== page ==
Did I keep in touch with my New York students? Of course!  Each year I made a reading chain in my classroom. The student earns a ring for every book read. I made this a contest between schools! The kids even started making cards for each other! We Skyped! It was wonderful! I won't say which class won, because to me, every person who chooses to read is a winner!
   My joy was short lived! I work for an education company. After two and a half years in my new school. The school decided to take their classes back from the company that I work for. Devastated? Oh, yes! Scared? Yes! Sad? Most definitely. My new class had come so far! They became independent. They learned to write! They went from crying and having tantrums about writing to writing paragraphs! We had a Makerspace! Also, I had began the first ever Unified, Special Olympic Bocce team for the school. We won the bronze medal! I had a student going to regular Algebra class! So much good was happening in this classroom! Alas, there was nothing I could do! I had to say good-bye!
   I was transferred to another program within my company. I would be beginning again in another new school. I was going to the infamous Autism Support program. I was quite nervous to say the least, but decided to give this a try! I poured over my new students IEPs. They are all in a center based program because they are aggressive. I would need to learn Verbal Behavior-Milestones Assessment and Placement Program by Mark Sundberg, Ph.D.. I would become a part of the Pennsylvania Autism Initiative Program.  I would lead a staff of 8. My question, "How can I lead when I don't know the program?".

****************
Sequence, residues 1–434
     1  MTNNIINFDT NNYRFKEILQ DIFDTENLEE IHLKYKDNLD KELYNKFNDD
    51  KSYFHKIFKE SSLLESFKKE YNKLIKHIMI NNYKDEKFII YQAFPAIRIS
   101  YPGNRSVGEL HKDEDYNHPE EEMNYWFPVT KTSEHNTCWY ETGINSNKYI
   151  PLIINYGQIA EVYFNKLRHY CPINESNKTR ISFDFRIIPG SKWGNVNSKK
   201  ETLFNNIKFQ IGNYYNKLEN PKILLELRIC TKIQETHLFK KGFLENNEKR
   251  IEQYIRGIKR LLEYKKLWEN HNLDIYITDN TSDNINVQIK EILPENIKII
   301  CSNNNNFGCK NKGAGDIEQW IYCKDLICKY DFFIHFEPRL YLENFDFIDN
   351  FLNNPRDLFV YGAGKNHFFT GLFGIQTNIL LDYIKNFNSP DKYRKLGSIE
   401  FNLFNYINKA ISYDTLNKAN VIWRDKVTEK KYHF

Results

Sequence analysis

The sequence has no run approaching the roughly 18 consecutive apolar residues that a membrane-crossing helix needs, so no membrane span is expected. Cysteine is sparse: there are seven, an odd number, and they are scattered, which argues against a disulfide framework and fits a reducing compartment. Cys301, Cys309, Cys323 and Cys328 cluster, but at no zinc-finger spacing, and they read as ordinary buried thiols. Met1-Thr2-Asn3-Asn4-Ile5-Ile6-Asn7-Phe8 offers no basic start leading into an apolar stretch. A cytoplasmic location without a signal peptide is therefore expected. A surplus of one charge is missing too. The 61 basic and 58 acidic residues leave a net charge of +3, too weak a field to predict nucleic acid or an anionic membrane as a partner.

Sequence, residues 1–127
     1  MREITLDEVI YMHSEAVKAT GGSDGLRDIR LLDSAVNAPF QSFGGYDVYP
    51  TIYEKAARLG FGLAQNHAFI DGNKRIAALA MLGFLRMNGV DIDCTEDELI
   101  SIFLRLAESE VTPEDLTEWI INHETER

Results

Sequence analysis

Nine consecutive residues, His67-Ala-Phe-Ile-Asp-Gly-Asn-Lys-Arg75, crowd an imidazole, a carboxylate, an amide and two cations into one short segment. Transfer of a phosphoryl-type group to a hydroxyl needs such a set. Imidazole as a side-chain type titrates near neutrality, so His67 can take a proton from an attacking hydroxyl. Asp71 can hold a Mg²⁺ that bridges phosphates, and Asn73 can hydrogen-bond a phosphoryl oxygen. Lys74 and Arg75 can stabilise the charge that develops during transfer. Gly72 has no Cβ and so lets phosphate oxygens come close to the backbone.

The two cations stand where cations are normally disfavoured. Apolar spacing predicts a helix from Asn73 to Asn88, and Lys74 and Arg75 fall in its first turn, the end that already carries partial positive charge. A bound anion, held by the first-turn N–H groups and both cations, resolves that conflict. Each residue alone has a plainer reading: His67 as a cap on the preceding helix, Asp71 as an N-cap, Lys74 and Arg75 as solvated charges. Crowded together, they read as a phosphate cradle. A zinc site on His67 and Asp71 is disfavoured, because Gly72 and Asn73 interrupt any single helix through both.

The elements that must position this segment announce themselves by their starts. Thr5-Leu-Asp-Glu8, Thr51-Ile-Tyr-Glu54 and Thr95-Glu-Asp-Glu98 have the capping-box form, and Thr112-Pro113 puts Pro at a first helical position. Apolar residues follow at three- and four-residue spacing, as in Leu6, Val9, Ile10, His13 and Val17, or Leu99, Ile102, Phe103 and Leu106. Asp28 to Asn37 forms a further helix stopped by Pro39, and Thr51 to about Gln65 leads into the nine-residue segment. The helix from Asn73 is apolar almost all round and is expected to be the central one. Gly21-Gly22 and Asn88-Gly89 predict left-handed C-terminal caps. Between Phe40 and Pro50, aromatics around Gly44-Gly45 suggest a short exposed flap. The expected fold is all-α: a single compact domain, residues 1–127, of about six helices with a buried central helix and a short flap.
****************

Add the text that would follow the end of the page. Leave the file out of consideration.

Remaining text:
I won't lie, this year has been the most difficult of my 22 years teaching and 35 years in education! Did I learn? Yes! Did I learn more? Yes! Do I still need to learn more? Always! Did I give up? No way! I never would.The best part is that my staff truly respect me! We became a family!
     My most valuable lesson is how valuable my students are. They are precious. They are so beautifully themselves! They don't care what anybody else thinks, they are always true to who they are! Did they become aggressive toward me! Yes! Yes, they did! Was it my fault? No! Like I said, they are true to who they are. Their aggressive ways are how they express themselves. My job is to find ways to avoid and/or cope with the aggression.  My job is to teach them ways to communicate so that they can express their wants and needs better.